Life As A Surfer
Surfing & Pollution: Interview With Surfrider Foundation
Each year the Surfrider Foundation encourages those who care about the oceans, beaches and waves to take action at the local level. Most people who enjoy our natural environment consider themselves stewards of nature. As a group, surfers can do more to help preserve Earth’s oceans. SurfScience spoke with Chad Nelson, the Surfrider Foundation’s Environmental Director, avid surfer, and hero to the environment to learn more about how we can actively preserve our beaches and, in the process, improve our surfing experience.
Rain, Runoff, and Flesh-Eating Bacteria
The Surfrider Foundation has four main areas of concern: clean water, beach access, beach preservation and protecting special places. The issue of clean water probably registers on a higher level for most surfers as we start receiving more winter rains. Nelson encourages surfers to avoid the surfing after it rains for at least 72 hours due to the urban runoff that gets dumped into our local beaches.
“After it rains we see the brown muck, but there are plenty of other days when those bacteria are high, but we don’t necessarily see it,” explains Nelson. “We call it the toxic cocktail. The number one source of pollution is land based pollution. While it’s flowing it picks up all sorts of heavy metals that come from cars and tires, bacteria from pet and human waste, gasoline and oil from cars, fertilizers and pesticides. All that stuff flushes down storm drains to the ocean.
“It can cause a whole range of illnesses. The most common is the classic gastrointestinal illness similar to Montezuma’s revenge from drinking bad water in Mexico. There are some people who have gotten a really nasty version of streptococcus, which they call flesh-eating bacteria. There is also exposure to toxins that don’t cause acute illnesses, but aren’t really good for you over time. You should stay out of the water for 72 hours largely because most of the bacteria that get washed out can’t survive longer than that.”
Other things you can do to help yourself is to avoid beaches that are notoriously dirty, such as the Newport Jetties in Newport Beach, California or Doheny State Beach in Dana Point, California. Beaches that don’t see a lot of runoff are the best ones to surf after a recent rain.
They Found Our Old Plastic
The Surfrider Foundation also focuses a great deal of attention on the alarming issue of plastics in our ocean waters. Their movement is called Rise Above Plastics and is aimed at creating awareness of this huge concern. Nelson told the story of why we should be concerned.
“We have a program called Rise Above Plastics because they’ve found an incredible patch of plastics In the middle of the Pacific Gyre, which is the center of the North Pacific Ocean. The swirling currents have collected this unbelievable mass of plastic. Billions and billions of pieces of plastic in the middle of the ocean. We’re starting to understand that everything we wash down storm drains and leave on the beach is having a global impact on the health of our oceans’ ecological systems.”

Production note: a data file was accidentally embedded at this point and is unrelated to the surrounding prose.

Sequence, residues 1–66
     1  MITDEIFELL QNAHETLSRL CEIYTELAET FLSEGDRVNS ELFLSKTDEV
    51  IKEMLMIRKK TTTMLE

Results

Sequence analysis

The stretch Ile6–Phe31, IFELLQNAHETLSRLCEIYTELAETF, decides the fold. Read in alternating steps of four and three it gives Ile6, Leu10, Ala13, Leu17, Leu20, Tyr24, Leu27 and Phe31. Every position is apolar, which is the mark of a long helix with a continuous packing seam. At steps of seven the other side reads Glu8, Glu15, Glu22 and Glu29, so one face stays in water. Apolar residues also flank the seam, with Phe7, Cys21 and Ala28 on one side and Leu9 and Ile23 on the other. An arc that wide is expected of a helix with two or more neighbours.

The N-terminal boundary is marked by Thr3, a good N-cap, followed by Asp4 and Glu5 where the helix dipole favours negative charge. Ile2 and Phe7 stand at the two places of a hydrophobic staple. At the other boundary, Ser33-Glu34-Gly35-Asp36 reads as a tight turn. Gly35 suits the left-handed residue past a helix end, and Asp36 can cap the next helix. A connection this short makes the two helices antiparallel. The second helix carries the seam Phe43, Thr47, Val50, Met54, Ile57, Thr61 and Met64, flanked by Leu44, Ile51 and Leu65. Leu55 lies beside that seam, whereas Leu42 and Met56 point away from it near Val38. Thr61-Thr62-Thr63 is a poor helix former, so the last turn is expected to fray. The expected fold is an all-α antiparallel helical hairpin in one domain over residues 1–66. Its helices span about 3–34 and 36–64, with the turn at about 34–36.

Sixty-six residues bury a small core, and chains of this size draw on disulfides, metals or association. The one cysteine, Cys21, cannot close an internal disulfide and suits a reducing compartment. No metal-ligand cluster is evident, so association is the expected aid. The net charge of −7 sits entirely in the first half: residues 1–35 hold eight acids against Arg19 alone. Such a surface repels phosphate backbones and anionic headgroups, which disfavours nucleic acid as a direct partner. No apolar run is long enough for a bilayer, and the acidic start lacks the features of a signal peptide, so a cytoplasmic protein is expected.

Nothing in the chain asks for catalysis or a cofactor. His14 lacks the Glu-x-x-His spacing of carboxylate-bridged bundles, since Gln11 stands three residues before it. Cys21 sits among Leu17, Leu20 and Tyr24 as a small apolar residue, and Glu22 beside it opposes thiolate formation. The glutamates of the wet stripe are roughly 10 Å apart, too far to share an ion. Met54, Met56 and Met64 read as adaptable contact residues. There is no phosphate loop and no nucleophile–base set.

According to the Rise Above Plastics web site, in some areas of the gyre the amount of plastic particles outnumber plankton forty-six to one.
How You Can Help
“Our focus has been on single use plastics, like that plastic grocery bag you use for five minutes and then the thing is around forever,” says Nelson. “We’re all for encouraging new technologies to try to limit impacts. Constructing a surfboard really has a lot of impacts. Not so much on the ocean directly, because it’s mostly air quality and landfill disposal. They’re just not good for the environment as a whole. We’ve seen a lot of progress in using less toxic materials. I just heard about a new pine sap resin, for instance.”
Nelson and the Surfrider Foundation encourage you to make conscious personal choices. You can visit various websites like Riseaboveplastics.com to educate yourself on ways to lower your plastic consumption and your use of single-use plastics. Nelson also encourages you to get active in your local community.
“Surfrider is a grass-roots organization. Our muscle is our volunteers. We have thousands of volunteers around the country and they are the people making the big difference. People power is an incredible thing. Most of all, we encourage people to tune in and find a way to plug into our mission of protecting our oceans, beaches and waves.
“Time after time after time, you see these little groups of motivated people get together and get organized and lead a successful campaign. It’s really amazing that activism works so well.”